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William Tyndale Primary School

This content was written by
William Tyndale Primary School
We have been working in partnership with Skills Builder for almost 10 years. Our main reason for implementing the programme was due to the level of NEETs (Not in Education, Employment or Training) in Islington and to ensure equal opportunities for all, including children with SEND and from disadvantaged backgrounds. Giving children opportunities to develop their skills, learn about careers, and empower them to learn through inspirational experiences was at the heart of developing our Skills Builder curriculum, ensuring all children are equipped with skills for life. A decade on, many young people in the borough are still not equipped with these skills. A high proportion of children leave the borough to go to Secondary School, exacerbating the ongoing inequality in every aspect of life - notably health, education and economic outcomes. This inequality widened as a result of the pandemic so it remains an ongoing challenge. Skills Builder is integral in equipping children with the essential skills that will give them the tools to succeed. We have fully embedded the values of Skills Builder into our school community, reflecting it in our mission statement: REACH for your Future (Respect, Enterprise, Ambition, Confidence and Happiness).
Overall impact
The Accelerator programme has been pivotal in getting our whole school community back to where it was before the pandemic. The framework of the essential skills has guided and supported governors, parents, carers, staff, children and some of our local businesses to move forward. The highlights have been the return to face to face Challenge Days, projects and re-engaging with businesses owners to establish that sense of community.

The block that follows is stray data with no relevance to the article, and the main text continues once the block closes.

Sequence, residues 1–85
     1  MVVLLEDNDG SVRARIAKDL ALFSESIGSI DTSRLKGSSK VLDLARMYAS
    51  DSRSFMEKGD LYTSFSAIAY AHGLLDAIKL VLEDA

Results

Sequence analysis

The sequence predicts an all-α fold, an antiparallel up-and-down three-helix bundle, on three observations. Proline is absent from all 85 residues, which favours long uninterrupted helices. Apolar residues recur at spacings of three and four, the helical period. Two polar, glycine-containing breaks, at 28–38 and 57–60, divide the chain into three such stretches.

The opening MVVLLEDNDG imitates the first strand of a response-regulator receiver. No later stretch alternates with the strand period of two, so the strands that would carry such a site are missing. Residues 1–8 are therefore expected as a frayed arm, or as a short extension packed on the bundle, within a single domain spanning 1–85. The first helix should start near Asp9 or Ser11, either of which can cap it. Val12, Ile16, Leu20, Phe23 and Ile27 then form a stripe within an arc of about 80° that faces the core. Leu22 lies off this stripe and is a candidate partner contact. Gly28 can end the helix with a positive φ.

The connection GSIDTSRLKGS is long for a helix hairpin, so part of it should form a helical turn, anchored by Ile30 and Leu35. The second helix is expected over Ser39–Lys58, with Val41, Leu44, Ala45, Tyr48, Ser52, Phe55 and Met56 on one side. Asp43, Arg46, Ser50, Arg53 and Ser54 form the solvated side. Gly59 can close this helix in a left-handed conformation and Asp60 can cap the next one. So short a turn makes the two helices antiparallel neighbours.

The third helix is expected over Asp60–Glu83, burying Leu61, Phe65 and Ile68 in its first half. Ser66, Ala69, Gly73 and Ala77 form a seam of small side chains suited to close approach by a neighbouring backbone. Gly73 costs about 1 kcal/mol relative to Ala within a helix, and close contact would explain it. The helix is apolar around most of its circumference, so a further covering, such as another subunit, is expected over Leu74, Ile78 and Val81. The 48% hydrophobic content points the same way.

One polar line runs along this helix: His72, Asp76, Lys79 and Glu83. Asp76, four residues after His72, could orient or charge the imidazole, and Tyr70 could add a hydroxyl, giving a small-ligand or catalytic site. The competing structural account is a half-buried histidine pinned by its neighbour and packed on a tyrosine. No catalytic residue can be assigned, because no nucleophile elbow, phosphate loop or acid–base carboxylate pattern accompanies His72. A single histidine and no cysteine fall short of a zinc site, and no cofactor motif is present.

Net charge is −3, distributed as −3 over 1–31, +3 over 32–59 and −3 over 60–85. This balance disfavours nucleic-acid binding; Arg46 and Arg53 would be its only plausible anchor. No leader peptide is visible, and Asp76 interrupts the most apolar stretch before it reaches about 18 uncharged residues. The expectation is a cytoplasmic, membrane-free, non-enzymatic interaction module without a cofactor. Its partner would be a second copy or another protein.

Keep it simple
The essential skills are linked to curriculum plans and policies, such as our Behaviour Policy and School Development Plan. Governors are updated termly during curriculum meetings and at Full Governing Body meetings about progress and events linked to Skills Builder. All staff receive regular training to ensure high quality delivery of the framework. Parents and Carers have opportunities to learn about the framework and how they can support their child/ren during curriculum workshops. They are also invited to lead assemblies and workshops on an aspect of their career and how this links to the essential skills. Notice Boards outside the school display the skills for the wider community while inside, all classrooms display and make reference to the skills during lessons. We also communicate our Skills Builder curriculum via the school newsletter, Twitter and on Google Classroom. Each week is launched with a Thought, generated by the children, which is linked to the Skill of the Month.
Start early, keep going
Weekly Skills Builder sessions are timetabled so that children are taught the explicit skill step and opportunities to apply the skills are embedded into all subject areas as well as extra curricular activities, for example Playground Leaders where children have opportunities to develop their teamwork and leadership skills. Every year, the whole school takes part in a Challenge Day and an enterprise project, with local business links established so that projects are given a real-life context. For example, Year 1 visit and learn about local art gallery as part of curating their own Gallery and sharing it with parents and carers at the end of the project. In Year 4, children present their confectionary product to business owners of the local ice cream shop and the winning teams make and sell their ice cream in the shop. Other opportunities to apply the essential skills include learning about coding through workshops with EE as part of the Computing curriculum.
Measure it